Don’t sleepwalk into a KYC arms race - Part 4: Keep it simple
10 January 2018
Welcome back to our fourth blog on why the time has come to opt out of the Know Your Customer (KYC) arms race.
If you were to actually print out everything a KYC analyst has to know to be able to perform KYC at a bank it would weigh a significant amount and waste a lot of trees! When you include all the relevant policies, procedures, ‘how to’ guides, reference manuals, local addendums, policy clarifications and guidance emails, it can make the complete works of Shakespeare look like a short story.
This isn’t done on purpose. Most of these documents are created to help people performing KYC and clarify complex areas. But as banks evolve, split up or combine departments, more often than not, they can end up with a confusing mess of guidance. This is usually where we see problems arise. The more complex the process the more chances of it going wrong and the more unlikely it is to address the financial crime risk.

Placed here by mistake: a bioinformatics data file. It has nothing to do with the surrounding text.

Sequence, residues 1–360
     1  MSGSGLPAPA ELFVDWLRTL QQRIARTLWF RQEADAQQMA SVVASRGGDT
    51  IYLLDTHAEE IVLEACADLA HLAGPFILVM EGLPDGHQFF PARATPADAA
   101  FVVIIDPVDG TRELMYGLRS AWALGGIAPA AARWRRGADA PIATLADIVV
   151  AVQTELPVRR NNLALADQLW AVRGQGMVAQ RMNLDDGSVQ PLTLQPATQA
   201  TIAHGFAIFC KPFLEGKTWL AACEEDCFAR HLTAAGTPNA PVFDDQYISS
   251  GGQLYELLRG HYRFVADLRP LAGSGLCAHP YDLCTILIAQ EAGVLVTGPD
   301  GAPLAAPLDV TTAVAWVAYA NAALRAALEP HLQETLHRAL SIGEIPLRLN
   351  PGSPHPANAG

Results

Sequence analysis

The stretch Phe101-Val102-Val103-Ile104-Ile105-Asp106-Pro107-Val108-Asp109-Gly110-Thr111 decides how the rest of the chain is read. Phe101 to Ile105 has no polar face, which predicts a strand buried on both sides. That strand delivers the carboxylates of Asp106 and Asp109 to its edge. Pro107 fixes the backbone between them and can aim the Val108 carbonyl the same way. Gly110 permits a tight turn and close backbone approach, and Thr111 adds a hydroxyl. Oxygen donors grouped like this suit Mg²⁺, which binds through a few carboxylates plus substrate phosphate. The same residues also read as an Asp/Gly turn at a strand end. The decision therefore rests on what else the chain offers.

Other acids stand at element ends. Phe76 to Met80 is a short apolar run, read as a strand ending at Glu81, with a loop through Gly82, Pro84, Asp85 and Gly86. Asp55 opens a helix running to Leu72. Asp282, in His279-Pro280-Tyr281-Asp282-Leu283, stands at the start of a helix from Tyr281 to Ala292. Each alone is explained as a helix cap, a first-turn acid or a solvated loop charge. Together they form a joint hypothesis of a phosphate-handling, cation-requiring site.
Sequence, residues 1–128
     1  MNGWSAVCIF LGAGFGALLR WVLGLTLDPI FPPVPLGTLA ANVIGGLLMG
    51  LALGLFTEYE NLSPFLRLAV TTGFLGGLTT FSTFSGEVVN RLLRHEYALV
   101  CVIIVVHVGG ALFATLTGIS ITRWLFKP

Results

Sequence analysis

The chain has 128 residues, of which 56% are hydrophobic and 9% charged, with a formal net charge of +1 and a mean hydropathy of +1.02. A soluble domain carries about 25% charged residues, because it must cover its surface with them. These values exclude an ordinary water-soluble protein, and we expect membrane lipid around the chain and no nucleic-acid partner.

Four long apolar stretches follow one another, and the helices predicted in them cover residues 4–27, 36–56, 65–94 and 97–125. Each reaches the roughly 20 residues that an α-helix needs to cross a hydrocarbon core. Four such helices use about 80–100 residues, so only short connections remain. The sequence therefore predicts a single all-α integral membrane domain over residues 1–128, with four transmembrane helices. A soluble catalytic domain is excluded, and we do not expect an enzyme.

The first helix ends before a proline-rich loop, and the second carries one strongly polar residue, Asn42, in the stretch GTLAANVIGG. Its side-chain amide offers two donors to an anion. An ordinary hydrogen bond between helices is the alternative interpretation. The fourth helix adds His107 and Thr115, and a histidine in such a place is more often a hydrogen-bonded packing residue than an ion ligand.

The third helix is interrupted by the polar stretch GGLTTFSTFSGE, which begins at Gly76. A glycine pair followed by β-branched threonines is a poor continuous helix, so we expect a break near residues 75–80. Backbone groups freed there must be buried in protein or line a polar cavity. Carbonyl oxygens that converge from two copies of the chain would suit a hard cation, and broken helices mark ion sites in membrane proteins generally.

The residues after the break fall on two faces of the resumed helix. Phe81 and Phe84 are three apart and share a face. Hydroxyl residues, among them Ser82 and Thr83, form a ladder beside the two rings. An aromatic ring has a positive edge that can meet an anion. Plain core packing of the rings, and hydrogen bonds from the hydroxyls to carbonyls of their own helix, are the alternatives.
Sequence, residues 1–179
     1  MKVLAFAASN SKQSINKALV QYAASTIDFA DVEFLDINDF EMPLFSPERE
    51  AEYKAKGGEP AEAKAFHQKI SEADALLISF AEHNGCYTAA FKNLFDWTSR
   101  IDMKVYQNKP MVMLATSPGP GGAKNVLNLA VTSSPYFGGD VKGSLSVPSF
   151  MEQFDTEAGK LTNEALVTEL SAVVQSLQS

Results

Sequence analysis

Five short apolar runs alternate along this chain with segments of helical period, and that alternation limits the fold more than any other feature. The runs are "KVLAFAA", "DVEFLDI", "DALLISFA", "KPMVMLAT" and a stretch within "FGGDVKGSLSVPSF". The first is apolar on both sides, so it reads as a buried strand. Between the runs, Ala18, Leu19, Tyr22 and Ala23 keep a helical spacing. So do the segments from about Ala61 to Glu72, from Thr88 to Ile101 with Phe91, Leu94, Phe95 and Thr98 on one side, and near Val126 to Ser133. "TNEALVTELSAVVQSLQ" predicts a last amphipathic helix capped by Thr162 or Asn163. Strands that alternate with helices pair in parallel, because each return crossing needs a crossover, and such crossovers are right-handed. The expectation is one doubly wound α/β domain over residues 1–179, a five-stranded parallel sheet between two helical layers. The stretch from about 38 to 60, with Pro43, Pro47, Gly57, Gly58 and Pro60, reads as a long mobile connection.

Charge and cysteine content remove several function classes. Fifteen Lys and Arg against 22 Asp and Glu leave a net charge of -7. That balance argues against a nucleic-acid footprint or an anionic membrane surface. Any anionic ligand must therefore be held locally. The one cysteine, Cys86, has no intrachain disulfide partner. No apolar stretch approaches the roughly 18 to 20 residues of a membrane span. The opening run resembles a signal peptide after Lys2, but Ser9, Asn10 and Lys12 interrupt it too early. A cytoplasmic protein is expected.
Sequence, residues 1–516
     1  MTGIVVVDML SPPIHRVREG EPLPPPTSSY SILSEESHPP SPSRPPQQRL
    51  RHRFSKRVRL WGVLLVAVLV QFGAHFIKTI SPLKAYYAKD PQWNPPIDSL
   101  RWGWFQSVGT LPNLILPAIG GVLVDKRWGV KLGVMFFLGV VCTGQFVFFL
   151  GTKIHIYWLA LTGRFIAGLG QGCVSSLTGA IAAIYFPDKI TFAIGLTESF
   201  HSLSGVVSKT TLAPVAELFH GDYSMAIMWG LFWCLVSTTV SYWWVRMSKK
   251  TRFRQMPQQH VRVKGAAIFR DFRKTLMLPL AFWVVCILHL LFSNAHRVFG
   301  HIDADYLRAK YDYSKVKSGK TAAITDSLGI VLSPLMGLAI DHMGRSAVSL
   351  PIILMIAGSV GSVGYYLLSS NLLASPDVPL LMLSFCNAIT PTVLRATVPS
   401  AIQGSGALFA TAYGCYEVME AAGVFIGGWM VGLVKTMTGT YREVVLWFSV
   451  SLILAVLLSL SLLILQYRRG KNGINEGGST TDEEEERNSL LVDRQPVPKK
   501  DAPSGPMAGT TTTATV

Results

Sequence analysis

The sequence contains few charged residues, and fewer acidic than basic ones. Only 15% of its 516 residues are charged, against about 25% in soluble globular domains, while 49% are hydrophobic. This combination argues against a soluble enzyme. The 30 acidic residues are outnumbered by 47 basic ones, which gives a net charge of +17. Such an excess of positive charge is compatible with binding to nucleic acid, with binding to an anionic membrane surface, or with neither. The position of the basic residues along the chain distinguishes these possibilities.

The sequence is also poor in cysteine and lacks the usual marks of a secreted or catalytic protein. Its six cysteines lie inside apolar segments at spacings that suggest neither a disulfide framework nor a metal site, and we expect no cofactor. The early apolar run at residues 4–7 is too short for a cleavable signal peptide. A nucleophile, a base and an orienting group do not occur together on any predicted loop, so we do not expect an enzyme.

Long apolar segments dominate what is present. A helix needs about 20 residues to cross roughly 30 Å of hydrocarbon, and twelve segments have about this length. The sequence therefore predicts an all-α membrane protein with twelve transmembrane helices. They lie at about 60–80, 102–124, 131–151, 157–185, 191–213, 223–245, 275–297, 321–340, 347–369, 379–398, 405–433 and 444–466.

In our experience, banks can help prevent this situation by:
- Simplifying KYC requirements and standardising them across the bank.
- Having one source of policy, procedures and guidance, avoiding numerous different versions saved to hard drives.
- Ensuring there are robust and reliable processes in place for rolling out any new guidance across the entire firm. Everyone needs to be on the same page.
- Leveraging technology to operationalise policies whilst maintaining a single source of the truth.
Our financial crime team have a vast amount of experience and knowledge on simplifying and standardising KYC. We know what requirements are necessary in today’s modern world and what has evolved as part of the KYC arms race.
Ultimately, if you can keep it simple, it makes the whole KYC process a lot easier to follow, will result in a reduction in errors made in the process and improve analysts’ quality!
Next week, we will dive into every regulators’ nightmare… the tick-box exercise…
Missed the previous blogs about KYC? Catch-up on the series below: